If you have been paying attention the Kalashnikov world and the numerous configurations available, you should know that Century Arms has been building 100 percent Made in the USA AKs for several years. During the first year or so, the new Century guns with machined receivers were flying under the industry radar and did not really get the attention they deserved.
Recently there was an infusion of fresh blood in the marketing department at Century and they have not only been promoting the guns heavily but they’ve done something almost unheard of in the gun world. Century put C39 rifles and pistols into the hands of hard corps firearms instructors and told them to run the gun hard and fast. They essentially dared the trainers to break them. Then came the miraculous part. Century asked the shooters what they liked and what they didn’t like AND they listened to the advice.
With all the press being given to the C39 guns, the Century gun I’m going to detail herein has not received its fair share of attention, but it shares similar features with the those models. The AK63D is Century’s version of the classic AK-47 “underfolder” model. This iteration of the venerable Kalashnikov was inevitable as most every battle rifle in modern history has at one point or another been modified for paratroopers or mechanized infantry.
Let’s face it, like it or not, the underfolder gets high marks in the cool category. Hollywood filmmakers love to insert the underfolder whenever the opportunity presents itself. Both action heroes and bad guys alike run across the screen blazing away these rifles.
Like the wire stock folders, the AK underfolders have been dismissed by serious riflemen as interesting novelties void of practicality. Neither stock configuration allows for a solid or comfortable cheek weld. In both cases you have a metal stock slapping you in the face if you do attempt to maintain proper form.
With all of that being said, let’s take a close look at the new model AK63D. Beginning with the receiver, this component is Century’s machined steel version with a beveled magazine well. The mag well improvement alone is enough to recommend the Century guns. Magazines pop right in without difficulty, not just metal magazines, every type of AK magazine you can imagine.
The 7.62x39mm AK63D is a bit of a hybrid. Made in the USA components include the machined/milled receiver, 16.25 inch barrel, compensator, and trigger group. Hungarian parts include the gas block, sights, underfolder stock, wooden furniture, bolt and bolt carrier. All together these parts make up a very attractive rifle. Empty empty weight is 7.48 pounds, overall length is 35.75 with the stock open.
I picked up the AK63D on a Friday afternoon from Cook’s Gun Shop in Biloxi, MS and on Saturday morning I was at the Mississippi Combat Training Academy ready to heat it up. In order to give the gun a serious testing I took a variety of accessories.
The ammunition consisted of Wolf Polyformance 123g.FMJ with steel cases and two different loads from Red Army Standard; 123g. copper-jacketed bullets with lacquered steel cases and the “Elite” 123g. FMJ with brass cases. To feed the gun I had the two, 30 round magazines that came with it as well as samples from MagPul, US Palm, Tapco, and steel mags from Yugoslavia, Romania, and Serbia. To carry spare magazines I used a pouch from Olongapo Outfitters.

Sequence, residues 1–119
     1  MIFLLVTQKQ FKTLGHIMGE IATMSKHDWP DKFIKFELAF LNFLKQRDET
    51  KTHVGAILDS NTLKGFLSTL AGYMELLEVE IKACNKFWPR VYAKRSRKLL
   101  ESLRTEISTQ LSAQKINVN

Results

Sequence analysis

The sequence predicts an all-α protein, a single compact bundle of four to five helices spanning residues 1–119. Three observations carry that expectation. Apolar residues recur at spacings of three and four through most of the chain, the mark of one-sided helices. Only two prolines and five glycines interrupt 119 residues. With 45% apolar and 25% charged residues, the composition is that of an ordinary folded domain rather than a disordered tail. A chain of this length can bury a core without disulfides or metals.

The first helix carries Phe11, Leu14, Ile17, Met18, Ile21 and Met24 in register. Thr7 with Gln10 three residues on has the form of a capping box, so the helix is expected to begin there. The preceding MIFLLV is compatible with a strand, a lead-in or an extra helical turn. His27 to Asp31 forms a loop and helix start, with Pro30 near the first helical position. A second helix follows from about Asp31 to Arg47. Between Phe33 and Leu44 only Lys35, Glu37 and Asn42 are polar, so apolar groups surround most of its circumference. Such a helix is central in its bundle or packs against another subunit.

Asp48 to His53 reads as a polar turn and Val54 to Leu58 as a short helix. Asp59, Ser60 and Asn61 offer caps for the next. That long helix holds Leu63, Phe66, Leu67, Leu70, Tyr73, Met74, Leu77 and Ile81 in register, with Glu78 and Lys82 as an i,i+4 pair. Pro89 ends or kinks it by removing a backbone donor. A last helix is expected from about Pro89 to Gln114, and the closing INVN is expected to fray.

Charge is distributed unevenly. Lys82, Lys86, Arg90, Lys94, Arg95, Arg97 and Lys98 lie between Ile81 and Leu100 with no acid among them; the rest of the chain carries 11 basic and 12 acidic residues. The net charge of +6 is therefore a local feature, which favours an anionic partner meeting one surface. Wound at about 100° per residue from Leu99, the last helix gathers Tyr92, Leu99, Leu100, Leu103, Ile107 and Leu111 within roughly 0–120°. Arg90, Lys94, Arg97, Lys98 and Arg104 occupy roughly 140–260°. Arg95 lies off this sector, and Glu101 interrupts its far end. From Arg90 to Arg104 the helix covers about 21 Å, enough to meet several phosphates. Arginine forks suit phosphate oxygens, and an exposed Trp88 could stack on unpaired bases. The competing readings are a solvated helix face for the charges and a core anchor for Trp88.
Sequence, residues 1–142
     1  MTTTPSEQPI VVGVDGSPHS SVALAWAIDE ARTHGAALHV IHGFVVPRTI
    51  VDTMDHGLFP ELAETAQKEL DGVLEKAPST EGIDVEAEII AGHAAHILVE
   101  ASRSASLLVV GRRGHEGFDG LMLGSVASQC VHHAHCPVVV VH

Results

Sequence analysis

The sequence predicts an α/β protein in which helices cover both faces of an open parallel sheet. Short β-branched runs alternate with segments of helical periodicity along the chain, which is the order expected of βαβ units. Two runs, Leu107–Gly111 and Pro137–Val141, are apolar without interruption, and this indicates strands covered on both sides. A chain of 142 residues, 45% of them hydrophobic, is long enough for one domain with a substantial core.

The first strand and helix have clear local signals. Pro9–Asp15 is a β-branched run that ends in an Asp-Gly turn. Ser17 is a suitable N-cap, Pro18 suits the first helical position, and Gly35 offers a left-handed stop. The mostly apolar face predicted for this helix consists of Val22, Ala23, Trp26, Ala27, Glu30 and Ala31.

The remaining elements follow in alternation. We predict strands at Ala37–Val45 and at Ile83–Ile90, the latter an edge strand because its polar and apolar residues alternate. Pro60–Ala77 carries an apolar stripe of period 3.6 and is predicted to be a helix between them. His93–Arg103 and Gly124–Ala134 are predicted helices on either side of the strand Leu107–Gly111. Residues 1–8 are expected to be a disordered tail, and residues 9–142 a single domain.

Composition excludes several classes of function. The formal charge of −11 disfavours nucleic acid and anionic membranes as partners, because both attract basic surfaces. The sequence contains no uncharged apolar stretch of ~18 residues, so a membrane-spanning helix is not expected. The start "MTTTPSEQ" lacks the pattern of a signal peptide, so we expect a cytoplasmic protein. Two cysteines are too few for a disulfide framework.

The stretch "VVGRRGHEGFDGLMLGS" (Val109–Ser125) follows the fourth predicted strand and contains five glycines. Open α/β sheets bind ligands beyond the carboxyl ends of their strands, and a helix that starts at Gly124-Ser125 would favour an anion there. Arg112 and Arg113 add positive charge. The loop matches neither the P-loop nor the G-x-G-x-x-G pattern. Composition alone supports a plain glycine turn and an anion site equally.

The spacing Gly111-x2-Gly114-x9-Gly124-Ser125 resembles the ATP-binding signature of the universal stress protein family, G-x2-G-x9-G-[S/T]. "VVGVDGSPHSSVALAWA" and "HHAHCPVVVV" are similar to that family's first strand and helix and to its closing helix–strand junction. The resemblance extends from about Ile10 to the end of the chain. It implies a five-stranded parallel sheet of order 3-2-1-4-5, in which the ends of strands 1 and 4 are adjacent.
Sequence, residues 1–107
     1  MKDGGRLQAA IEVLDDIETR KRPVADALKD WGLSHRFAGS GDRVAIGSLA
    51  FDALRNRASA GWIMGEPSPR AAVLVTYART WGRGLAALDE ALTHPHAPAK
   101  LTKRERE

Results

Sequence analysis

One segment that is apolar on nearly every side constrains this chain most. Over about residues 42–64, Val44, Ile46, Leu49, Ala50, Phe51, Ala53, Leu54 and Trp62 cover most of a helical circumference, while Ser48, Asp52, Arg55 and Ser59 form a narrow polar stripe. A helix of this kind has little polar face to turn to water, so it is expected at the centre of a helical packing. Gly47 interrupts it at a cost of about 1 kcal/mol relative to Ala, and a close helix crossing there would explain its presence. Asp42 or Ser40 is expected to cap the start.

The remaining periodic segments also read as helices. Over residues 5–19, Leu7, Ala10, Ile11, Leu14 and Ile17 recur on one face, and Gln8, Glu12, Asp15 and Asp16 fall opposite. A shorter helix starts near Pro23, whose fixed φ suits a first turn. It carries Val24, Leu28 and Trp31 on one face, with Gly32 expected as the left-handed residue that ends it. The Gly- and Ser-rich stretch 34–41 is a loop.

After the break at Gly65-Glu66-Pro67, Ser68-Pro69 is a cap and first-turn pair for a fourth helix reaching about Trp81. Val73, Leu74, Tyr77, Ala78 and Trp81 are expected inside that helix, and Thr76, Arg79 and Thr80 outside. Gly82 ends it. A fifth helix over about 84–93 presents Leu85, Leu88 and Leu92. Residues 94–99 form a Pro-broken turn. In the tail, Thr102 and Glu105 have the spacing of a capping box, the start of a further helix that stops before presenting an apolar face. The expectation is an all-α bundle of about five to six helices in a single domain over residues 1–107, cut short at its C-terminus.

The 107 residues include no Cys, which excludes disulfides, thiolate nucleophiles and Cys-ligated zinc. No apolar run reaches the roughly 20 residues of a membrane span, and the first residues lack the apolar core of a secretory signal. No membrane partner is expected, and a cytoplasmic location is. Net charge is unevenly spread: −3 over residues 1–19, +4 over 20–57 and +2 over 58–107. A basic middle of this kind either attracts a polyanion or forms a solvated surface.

Before hitting the range I disassembled the gun and applied a liberal coat of FrogLube to the moving parts. Other than that the rifle was tested “as is” out of the box.
My friend Mike has several reactive steel targets set out on this range. The first shot fired from the AK63D at a one hundred yard steel silhouette resulted in a loud metal “clang”. Bingo, the gun was at very least BZO’d for that distance. That meant I could begin the testing without needing to fiddle with the sights. I’m not looking for M.O.A. from an AK, I’m looking for “Minute of Bad Guy” and reliability.
I had arrived on the range with a half-dozen AK magazines loaded and thus was able to heat the AK63D up seriously before I needed to pause and refill them. Drills consisted of standing, kneeling and prone. I moved forward, backward and laterally. It did not take long to appreciate the rifleman’s issue with an underfolder.
The steel stock stung my jawline shot after shot. The natural temptation is to lift your face up and away from the stock. That action, of course, hampers your ability to align the sights on the rifle. I disciplined myself, kept my face down and focused on the front sight post.
Three hundred plus rounds later, the AK63D had functioned without flaw. Every round from every magazine fed and cycled properly. Somewhere around the 250 round mark I noticed that the pistol grip was loose. A quick turn with a flathead screwdriver snugged it up and threadlocker would be applied back at the shop. That was my only “issue”, a loose screw.
Sure, we could put hundreds or even thousands of more rounds through the gun. My decades of experience testing firearms has shown me that if a gun is going to crap out or have mechanical issues they will materialize within the first few hundred rounds. Dirty, dry guns are not mechanical issues they are maintenance issues.
We certainly are not done working with this gun, but it is off to an excellent start. I’ll be looking for a way to take the sting out of the metal stock (besides shooting with it folded). Brownells has a cheek piece in their catalog. I’m strongly considering adding XS Sights to the gun as well. I have them on other AK’s and appreciate their value. We’ll see what else we can come up with, you know me. In the meantime, if you are interested in this gun get your order in now, not later.
Paul Markel Copr. 2014